In an era of boundless offensive football, quarterback Peyton Matocha ‘19 cemented new St. Thomas standards.
Throughout a rocklicking record-smashing career charged with a series of electrifying Friday night lights, he tested limits and expanded the imagination. And the last mark of distinction for Matocha came courtesy the Touchdown Club of Houston who honored him as the 2018 co-Offensive Player of the Year at the seventh annual Private High School Awards Dinner presented by Houston Methodist Orthopedics & Sports Medicine and the Hildebrand Foundation.
Matocha shares the acclaim with St. Pius X quarterback Grant Gunnell, the all-time Texas high school leader in career passing yards.
“I want to thank an awesome group of coaches who trusted me and gave me the freedom to play to my strengths,” Matocha said. “And also to the Touchdown Club for a great honor. But what means the most to me is to have my parents here tonight. There’s no way I’m in this position without all the sacrifices they made for me to be successful. I love them so much and accepting this award is really for them. They are who I play for.”
Matocha was recognized along with a pair of notable Eagle teammates. Running back Ian Wheeler ‘19 also earned POY consideration after his breakthrough smash and dash senior season ended with 1,309 rushing yards (more than eight yards per carry) and 15 touchdowns, plus 503 receiving yards and three TDs. And two-way dynamo Dylan Dixon ‘19 was a finalist for Ironman of the Year.
“I can’t say enough about our team and especially (head) coach (Rich) McGuire,” Matocha says. “We all had so much respect for him and the staff. Coach (Josh) Hooten, coach (Jerrod) Johnson and coach (Matt) Houston. They put the right mix together and gave so much belief.”
Matocha’s staggering senior send-off suggested life imitating PlayStation – a single-season school-record 3,692 passing yards with 35 touchdowns plus 804 rushing yards and 14 more scores. And he was never more majestic than in his 33rd consecutive start and final regular-season home game with the stakes stacked highest against Gunnell and SPX.
Matocha the maestro conducted one of the more memorable and improbable Eagle triumphs. His primo performance fronting a full orchestra of versatile playmakers ranks among the best and brightest in the generational rivalry – 416 yards and seven touchdowns. The pyrotechnics included four scores in a whirlwind third quarter when Eagle Football seized control and rallied for a stunning 52-49 shootout that reclaimed the district championship, a fifth in seven years.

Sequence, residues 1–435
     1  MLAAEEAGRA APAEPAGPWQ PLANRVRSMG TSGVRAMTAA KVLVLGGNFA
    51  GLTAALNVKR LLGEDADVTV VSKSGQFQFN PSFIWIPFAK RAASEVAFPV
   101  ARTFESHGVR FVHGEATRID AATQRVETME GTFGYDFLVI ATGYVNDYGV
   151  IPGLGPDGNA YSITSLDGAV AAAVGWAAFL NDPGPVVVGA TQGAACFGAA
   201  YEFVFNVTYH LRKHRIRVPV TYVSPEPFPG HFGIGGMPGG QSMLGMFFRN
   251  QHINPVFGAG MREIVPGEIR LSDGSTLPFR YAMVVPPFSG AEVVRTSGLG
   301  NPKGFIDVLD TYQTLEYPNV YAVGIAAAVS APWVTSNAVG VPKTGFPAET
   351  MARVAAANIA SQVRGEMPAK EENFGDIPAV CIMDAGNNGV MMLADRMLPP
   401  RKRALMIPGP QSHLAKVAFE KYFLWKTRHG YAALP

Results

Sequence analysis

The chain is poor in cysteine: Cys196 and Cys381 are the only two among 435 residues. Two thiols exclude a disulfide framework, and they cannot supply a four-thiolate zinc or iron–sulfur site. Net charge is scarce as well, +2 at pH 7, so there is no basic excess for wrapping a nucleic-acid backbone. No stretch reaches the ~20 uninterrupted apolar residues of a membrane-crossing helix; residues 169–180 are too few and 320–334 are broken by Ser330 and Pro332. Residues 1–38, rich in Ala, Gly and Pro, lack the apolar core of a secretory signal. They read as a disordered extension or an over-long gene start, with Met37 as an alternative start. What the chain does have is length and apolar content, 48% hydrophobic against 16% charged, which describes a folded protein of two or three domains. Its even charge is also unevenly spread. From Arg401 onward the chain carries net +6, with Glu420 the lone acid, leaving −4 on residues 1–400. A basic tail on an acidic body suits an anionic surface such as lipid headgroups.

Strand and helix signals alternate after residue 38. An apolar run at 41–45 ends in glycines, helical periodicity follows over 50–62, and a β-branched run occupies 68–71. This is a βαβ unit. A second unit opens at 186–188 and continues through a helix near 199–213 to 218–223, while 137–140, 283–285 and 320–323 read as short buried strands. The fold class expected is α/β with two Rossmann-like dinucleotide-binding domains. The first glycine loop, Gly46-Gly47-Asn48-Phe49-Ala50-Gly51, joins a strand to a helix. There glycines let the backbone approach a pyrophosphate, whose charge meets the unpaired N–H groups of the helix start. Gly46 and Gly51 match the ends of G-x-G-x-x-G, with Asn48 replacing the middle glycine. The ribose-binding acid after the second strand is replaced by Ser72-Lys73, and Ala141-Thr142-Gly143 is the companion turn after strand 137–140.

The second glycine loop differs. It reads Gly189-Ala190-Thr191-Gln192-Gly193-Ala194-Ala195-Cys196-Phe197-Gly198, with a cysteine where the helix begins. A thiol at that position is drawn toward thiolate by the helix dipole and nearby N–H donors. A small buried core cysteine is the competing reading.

Matocha continued to sizzle to open the TAPPS Division I tournament. He shredded Plano John Paul II for 435 yards and four touchdowns. The 52-32 scoring spree produced the first St. Thomas playoff victory since 2015.
In the regional final against Dallas Bishop Lynch, Matocha rolled out a 326-yard four-touchdown finale that wasn’t quite grand enough to thrust Eagle Football deeper into the postseason. The 42-35 verdict was the closing act in Matocha’s scintillating career and concluded 2018 with a 6-6 record.
Throughout the explosive campaign, Matocha played majordomo to a crew who proved to be difference-makers in different moments. The offensive onslaught included:
- 489 total yards and eight touchdowns against Kinkaid
- 573 total yards and six touchdowns against UIL Needville
- 362 total yards and three touchdowns against UIL China Spring
- 445 total yards and four touchdowns in the 28-21 win at UIL Stafford including a 98-yard connection with Hunter Cheek ‘19 for the longest scoring play in program history
- 384 total yards and four touchdowns in the 42-27 victory at Tomball Concordia Lutheran to launch the district race
“Records and awards don’t happen, and the season our team just had doesn’t happen, without all the work in the off-season,” Matocha said. “Not only on the field but the video breakdown and the whiteboard sessions. Attention to every detail. Coach Johnson and I put in so many hours. That’s what the college coaches are going to expect from me next season and I believe I’m already so far along in that process. For sure that translated into what we were able to accomplish this season.”
Without hesitation, McGuire rattles off reasons that Matocha “is as good a high school quarterback as any I have seen. His standard of play as a senior, especially during our second-half surge (five wins in seven games) was comparable to guys who have gone on to play in Power 5 conferences. He showed great progress in reading route progressions … touch on the deep ball … accurate in the precision routes … scrambling out of pressure … limiting the hits … understanding the zone read. He did it all. And he was a presence within our locker room … fearless with great internal confidence … and that belief extended to his teammates. Peyton is the total package … ability, charisma, enthusiasm.”
In his first two varsity seasons, Matocha racked more than 3,000 passing yards with 27 touchdowns and nearly 900 rushing yards with 10 touchdowns. Now he applies his full fixed focus to the future, the next stage in continuing his career wherever that opportunity best presents itself.
Previously Eagle Football standouts Parker White ‘13 (2012 Lineman of the Year), Joseph Lowery ‘14 (2013 Lineman of the Year), Charlie Vatterott ‘16 (2015 Lineman of the Year) and David Jones ‘16 (2015 Ironman of the Year) received Touchdown Club distinction.
Eagle Fight Never Dies!
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